Until recently, submerging the cord stump before babies’ cords had fallen off, roughly 10 days after birth, was a matter of controversy. New mums were shown the art of ‘top and tail bathing’ in shallow baby baths or in kitchen sinks. Deeper baths were only advised after the cord had fallen off. This advice holds worldwide across cultures, one among very few practices around childbirth that seems to be a universal human hallmark. Yet in the last generation we have broken with traditions prevailing since the dawn of humanity not just with reproductive technologies but by crossing ancient cultural boundaries upheld by most peoples: we have innovated with water birth, lotus birth (no clamping of the cord until it falls off spontaneously), eating our placentas and… newborn baby swimming. Research studies show conflicting results (cord separating earlier if baths are avoided in the first ten days (6)) but this is shown not to be the case in an authoritative controlled study showing that ‘Tub bathing is a safe and pleasurable alternative to sponge bathing in healthy, term newborns’. Moreover positive thermo-regulating effects of early warm baths on babies born before full term (8)). Yet the cord stump is a sensitive area where new tissue is forming, prone to inflammation and granulation. Over 50% of babies are prone to infections. While bath water might not be an issue, treated pool water might cause the absorption of toxic substances, such as by-products of chlorine, through the cord stump.
Newborns’ delicate skins
The skin of the newborn serves a pivotal role in the transition from the aqueous intrauterine environment to extra-uterine terrestrial life and is integral to the vital functions of mechanical protection, thermoregulation, cutaneous immune-surveillance, and maintenance of a barrier that prevents insensible loss of body fluids. We know from research that infant skin is in a developmental stage structurally up to 3 months of age. Even chubby babies’ skin is thin – it is three to five times thinner than an adult’s skin – and very permeable. It has fewer elastic fibres than adult skin and the epidermis is made up of smaller cells, which increases the absorption of water and other substances into the body. Furthermore, the surface area of a baby’s skin is far greater than an adult relative to body weight. The skin can absorb irritants, allergens and bacteria from the environment. Therefore, a substance that penetrates a baby’s skin will end up being considerably more concentrated than in an adult’s body.
The by-products of chlorine
Chlorination, sometimes in conjunction with other technologies, is by far the most widely used means of disinfection for pools worldwide. It is supported by the World Health Organization (WHO) and other bodies such as the US National Swimming Pool Federation and CDC. The UK Pool Water Treatment Advisory Group has set guidelines for pool management and disinfection to ensure that people can gain the health benefits of swimming in safety. Minimum levels of active chlorine must be present, often by law, to ensure effective disinfection to prevent transmission of infection. As regards disinfection by-products, WHO considers that “the risks from exposure to chlorination by-products in reasonably well managed swimming pools would be considered small and must be set against benefits of aerobic exercise and risks in the absence of disinfection”. But these risks are evaluated for children and adults, not for young babies.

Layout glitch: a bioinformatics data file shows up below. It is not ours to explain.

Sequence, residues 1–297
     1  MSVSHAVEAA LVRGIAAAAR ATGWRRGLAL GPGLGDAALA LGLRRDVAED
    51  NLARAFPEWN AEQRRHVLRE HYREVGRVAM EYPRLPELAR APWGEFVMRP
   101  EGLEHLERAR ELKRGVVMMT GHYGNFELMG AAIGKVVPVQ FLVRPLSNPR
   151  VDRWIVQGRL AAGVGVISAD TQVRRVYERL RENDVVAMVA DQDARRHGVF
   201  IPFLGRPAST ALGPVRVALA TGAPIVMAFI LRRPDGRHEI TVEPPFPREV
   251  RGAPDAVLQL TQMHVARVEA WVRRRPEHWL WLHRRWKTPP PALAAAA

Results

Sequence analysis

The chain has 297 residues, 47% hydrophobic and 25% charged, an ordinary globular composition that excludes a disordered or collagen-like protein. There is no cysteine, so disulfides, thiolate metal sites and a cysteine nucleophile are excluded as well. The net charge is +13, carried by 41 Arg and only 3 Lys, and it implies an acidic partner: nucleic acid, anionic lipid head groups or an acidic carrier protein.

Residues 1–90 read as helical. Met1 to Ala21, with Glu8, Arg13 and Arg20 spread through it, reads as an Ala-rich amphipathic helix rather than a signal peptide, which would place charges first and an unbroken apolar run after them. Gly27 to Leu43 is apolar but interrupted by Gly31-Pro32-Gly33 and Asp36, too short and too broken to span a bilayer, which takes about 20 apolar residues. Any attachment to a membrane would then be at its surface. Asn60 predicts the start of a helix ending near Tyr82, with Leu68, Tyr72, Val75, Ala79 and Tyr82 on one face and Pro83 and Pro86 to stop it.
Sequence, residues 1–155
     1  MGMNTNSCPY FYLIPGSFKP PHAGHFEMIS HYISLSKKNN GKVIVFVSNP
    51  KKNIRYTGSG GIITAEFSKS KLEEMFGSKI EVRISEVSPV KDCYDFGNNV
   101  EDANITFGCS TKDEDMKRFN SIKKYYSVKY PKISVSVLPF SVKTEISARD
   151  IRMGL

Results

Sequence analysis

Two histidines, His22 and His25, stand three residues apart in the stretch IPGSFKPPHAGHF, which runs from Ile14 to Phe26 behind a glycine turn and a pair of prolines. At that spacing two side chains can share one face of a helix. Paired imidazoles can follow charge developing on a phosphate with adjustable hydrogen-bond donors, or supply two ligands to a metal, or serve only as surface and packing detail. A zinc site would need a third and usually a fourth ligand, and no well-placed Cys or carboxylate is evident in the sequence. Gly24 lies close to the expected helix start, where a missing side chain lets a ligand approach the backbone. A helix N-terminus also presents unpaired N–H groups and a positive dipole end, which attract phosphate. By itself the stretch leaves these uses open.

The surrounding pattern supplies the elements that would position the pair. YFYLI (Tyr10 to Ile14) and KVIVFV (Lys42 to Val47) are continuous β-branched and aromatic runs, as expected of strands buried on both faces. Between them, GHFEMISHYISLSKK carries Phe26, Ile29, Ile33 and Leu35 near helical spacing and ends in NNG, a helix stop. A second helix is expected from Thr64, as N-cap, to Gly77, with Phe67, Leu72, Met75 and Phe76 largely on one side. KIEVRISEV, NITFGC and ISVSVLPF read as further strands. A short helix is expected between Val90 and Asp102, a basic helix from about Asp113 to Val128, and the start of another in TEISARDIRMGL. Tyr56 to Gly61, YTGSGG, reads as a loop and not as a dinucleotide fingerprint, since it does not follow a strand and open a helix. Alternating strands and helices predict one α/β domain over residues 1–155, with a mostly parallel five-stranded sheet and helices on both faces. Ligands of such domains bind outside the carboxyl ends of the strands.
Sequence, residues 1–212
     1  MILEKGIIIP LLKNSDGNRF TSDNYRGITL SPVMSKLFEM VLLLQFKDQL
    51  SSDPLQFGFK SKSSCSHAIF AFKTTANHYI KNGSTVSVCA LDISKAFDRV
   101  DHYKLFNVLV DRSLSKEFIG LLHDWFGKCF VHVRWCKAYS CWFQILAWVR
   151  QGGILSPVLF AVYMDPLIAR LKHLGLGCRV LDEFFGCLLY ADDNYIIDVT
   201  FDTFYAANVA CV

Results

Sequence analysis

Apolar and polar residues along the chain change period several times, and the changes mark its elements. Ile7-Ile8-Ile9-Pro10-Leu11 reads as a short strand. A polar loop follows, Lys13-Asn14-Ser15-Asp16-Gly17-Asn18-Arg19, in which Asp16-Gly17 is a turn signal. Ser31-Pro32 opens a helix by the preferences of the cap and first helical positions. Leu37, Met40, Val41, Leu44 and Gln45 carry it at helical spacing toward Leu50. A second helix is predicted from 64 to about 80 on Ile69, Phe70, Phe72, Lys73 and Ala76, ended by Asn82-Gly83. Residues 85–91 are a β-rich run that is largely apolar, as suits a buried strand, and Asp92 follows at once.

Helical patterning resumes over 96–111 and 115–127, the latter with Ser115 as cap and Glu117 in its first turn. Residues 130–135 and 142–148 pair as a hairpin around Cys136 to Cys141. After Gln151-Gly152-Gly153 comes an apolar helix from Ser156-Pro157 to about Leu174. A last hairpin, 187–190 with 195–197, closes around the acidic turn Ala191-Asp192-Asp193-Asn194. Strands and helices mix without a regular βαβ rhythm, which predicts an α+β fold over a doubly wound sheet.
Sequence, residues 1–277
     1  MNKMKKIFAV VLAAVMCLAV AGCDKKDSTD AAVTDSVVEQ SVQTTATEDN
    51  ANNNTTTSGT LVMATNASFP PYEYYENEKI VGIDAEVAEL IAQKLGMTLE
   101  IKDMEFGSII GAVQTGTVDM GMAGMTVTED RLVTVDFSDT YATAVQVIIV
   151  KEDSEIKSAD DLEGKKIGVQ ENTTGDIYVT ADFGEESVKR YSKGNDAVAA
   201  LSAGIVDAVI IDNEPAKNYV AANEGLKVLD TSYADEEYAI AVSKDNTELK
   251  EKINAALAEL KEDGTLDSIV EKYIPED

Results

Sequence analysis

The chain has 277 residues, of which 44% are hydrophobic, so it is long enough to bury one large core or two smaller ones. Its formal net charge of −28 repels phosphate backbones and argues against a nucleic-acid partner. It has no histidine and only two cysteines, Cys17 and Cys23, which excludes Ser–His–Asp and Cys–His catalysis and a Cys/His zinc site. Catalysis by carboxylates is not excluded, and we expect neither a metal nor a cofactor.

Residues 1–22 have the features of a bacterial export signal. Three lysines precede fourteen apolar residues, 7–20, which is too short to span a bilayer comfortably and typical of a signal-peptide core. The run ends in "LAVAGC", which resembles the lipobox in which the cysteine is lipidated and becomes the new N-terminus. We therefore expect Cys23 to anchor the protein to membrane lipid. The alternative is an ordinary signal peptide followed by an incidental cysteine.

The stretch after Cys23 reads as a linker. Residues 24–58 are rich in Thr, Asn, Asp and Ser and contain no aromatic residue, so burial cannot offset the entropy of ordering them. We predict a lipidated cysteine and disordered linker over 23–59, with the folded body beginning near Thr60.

Retrospective research on the possible harmful effects of chlorine in pools on infants has established risk factors rather than conclusive causal links, due to confounding factors in children’s genetic make-up and lives, but these risks are real and cannot be ignored. When chlorine destroys contaminants in pool water, it creates harmful disinfection byproducts (DBPs). These are formed when the chlorine in a pool reacts with organic matter such as skin or hair. Other by-products of chlorine are volatile chloramines and trihalomethanes. DBPs cause irritation to eyes, skin and mostly to the tissues of the bronchiae and lungs. While babies’ immune systems are developing through exposure to their environments, DBPs can have adverse effects but these have not yet been investigated. A main effect of DBPs, sometimes interpreted as “chlorine allergy” is “irritant dermatitis” causing the skin to become irritated and producing itchy and dry skin, bloodshot and burning eyes, dry hair and overall discomfort. This is not really an allergy but more something like a chemical burn), caused by hypersensitivity to this irritant. (10)